A 30-Year-Old With a Full-Body Rash, Vomiting, and Confusion

Andrea Bianchin, MD; Moreno Agostini, MD

Disclosures

September 22, 2021

Discussion

Waterhouse-Friderichsen syndrome is a severe complication of Neisseria meningitidis infection. N meningitidis is a gram-negative aerobic diplococcus with a particular affinity for the bloodstream and meninges. Infection with N meningitidis may cause clinical conditions ranging from fever and bacteremia to life-threatening septic shock.

N meningitidis is a commensal bacterium in many humans that resides in the nasopharynx and colonizes up to 25% of healthy people, without causing illness. It is transmitted by aerosolized respiratory particles and secretions.

The reason why some people who carry invasive strains of the bacteria become ill whereas others do not is unclear. A particular virulence factor may be a cause but is not fully understood. Crowded living conditions, such as college dormitories and military barracks, increase the risk for transmission. Other risk factors include smoking and upper respiratory tract infection, as well as systemic diseases, such as multiple myeloma, nephrotic syndrome, or systemic lupus erythematosus.

Immune defects, deficiency of humoral immunity or the complement-mediated immune system, and anatomical or functional asplenia predispose patients to N meningitidis infection, with a relative risk of 500 in asplenic patients. Outbreaks of N meningitidis infection appear to be seasonal, occurring most often in spring and winter. The yearly incidence of the disease is about 1 case per 100,000 people.[1,2,3,4,5]

N meningitidis spreads through the inhalation of respiratory secretions transmitted by a carrier. The onset of symptoms occurs approximately 3-4 days after inoculation. The patient typically begins to have symptoms of a respiratory illness, followed by fever, headache, and vomiting; this rapidly progresses to the development of mental status changes (such as lethargy or confusion).

Meningeal infection probably results from hematogenous spread; N meningitidis can be isolated via blood cultures in approximately 75% of patients. Meningococcal sepsis with multisystem involvement, however, occurs in only one fifth of cases of meningitis caused by N meningitidis.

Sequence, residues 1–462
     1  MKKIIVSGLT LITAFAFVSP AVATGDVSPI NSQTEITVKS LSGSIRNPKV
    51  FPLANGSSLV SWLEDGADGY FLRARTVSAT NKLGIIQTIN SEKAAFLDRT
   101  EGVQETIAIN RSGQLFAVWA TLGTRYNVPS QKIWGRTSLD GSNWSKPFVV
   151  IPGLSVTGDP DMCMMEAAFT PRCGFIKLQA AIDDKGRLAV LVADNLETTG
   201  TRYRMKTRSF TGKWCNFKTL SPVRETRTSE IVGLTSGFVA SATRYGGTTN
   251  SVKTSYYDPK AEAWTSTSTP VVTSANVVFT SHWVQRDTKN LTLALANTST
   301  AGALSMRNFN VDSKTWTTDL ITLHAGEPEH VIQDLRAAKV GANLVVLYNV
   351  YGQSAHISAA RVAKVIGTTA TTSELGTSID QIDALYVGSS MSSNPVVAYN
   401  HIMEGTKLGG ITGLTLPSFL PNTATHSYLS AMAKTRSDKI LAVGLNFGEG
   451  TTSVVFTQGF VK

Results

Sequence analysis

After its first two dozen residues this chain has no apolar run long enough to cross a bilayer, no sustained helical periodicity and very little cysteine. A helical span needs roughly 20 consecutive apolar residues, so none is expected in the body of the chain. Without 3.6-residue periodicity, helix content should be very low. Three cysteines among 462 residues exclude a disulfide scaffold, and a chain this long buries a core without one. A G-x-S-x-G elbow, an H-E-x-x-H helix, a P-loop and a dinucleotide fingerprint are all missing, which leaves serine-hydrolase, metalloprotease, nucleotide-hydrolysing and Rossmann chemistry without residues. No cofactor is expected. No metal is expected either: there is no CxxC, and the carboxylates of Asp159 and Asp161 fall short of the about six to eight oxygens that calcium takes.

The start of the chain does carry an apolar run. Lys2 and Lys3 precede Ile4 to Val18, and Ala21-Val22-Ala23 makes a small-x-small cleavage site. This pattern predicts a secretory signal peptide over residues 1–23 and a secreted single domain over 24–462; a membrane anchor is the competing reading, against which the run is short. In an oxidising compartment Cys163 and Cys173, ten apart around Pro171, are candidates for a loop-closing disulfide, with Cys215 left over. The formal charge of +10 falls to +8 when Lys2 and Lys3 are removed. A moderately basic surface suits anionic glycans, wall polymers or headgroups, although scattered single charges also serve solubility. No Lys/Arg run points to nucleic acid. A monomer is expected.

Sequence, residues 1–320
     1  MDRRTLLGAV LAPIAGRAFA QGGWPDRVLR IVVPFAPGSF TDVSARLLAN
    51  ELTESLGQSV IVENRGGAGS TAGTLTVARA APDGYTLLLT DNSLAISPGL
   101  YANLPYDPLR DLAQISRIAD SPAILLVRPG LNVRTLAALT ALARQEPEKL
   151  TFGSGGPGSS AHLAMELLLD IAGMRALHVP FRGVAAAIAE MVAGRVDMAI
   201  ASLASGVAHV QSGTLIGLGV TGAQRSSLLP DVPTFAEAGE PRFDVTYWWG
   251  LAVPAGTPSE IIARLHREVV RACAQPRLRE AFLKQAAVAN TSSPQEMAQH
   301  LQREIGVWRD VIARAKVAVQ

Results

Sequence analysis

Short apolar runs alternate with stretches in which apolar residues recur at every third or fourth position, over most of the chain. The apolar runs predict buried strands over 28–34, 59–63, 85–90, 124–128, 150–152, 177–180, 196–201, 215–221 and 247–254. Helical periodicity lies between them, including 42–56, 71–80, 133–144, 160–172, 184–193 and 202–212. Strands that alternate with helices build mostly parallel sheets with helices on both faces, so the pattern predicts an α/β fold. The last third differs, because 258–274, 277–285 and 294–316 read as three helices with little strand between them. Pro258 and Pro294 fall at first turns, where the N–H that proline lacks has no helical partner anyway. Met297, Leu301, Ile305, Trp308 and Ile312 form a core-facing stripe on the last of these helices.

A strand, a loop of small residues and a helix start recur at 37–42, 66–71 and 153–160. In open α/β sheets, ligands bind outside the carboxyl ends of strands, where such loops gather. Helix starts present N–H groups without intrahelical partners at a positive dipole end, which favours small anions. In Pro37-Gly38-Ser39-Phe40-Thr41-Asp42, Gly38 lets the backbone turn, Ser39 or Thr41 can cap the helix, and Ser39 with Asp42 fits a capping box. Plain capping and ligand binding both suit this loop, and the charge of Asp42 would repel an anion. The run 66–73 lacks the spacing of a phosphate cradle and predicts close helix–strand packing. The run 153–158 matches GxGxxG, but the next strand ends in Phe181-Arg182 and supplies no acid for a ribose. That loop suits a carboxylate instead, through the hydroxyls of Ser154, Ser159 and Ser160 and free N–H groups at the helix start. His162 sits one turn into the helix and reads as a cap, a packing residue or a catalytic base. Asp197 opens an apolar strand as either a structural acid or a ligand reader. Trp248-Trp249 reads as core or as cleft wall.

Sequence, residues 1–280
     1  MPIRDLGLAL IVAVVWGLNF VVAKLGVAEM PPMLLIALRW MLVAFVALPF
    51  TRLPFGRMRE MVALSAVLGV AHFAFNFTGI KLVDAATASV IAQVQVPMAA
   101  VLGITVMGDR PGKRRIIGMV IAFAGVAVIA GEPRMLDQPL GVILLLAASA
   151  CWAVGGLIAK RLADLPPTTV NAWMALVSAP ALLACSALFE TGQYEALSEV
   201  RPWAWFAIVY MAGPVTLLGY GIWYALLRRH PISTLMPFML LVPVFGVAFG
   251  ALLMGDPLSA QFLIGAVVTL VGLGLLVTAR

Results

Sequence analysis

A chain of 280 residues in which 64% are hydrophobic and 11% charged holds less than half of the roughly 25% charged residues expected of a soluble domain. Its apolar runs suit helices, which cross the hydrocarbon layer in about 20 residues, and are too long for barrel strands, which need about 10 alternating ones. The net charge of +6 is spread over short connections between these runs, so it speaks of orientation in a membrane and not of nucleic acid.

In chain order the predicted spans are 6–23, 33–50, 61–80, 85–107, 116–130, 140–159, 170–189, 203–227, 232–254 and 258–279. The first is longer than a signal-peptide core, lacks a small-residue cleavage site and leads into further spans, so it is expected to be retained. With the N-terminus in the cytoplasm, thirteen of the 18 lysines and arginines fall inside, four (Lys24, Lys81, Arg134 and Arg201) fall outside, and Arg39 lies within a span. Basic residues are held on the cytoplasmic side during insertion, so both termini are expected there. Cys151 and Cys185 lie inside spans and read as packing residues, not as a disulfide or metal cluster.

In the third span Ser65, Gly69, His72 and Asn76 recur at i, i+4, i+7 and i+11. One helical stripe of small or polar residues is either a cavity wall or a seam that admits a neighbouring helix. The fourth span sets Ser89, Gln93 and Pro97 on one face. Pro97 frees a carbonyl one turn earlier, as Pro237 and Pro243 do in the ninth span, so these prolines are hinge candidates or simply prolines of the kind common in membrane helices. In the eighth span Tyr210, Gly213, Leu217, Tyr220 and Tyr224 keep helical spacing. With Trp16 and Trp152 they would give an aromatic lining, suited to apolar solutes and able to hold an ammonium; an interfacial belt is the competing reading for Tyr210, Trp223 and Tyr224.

The mortality rate of meningococcal sepsis is very high; it is even more lethal than isolated meningococcal meningitis. Waterhouse-Friderichsen syndrome is one of the most severe complications of meningococcal infection. Although often classified by the presence of multiorgan dysfunction in the presence of meningococcal infection, the syndrome is typically more specifically defined by the presence of hemorrhage into the adrenal glands.[2,3,4]

A typical purpuric rash may be seen as a result of septicemia. This usually first appears on the trunk and lower extremities and subsequently spreads throughout the body surface. The development of purpura fulminans (PF) - a life-threatening hemorrhagic condition characterized by hypotension, disseminated intravascular coagulation (DIC), and purpura - indicates a poor prognosis.

Although the presence of PF is classic for meningococcal infection, multiple causes may be responsible and should also be considered. Three general categories of PF are recognized: acute infectious PF, idiopathic PF, and abnormalities of the coagulation system. In fact, most PF cases are caused by coagulation abnormalities. Occasionally, meningococcal infection causes only focal disease, such as conjunctivitis, septic arthritis, urethritis, purulent pericarditis, or respiratory tract infection (eg, pneumonia, epiglottitis, and otitis media).[2]

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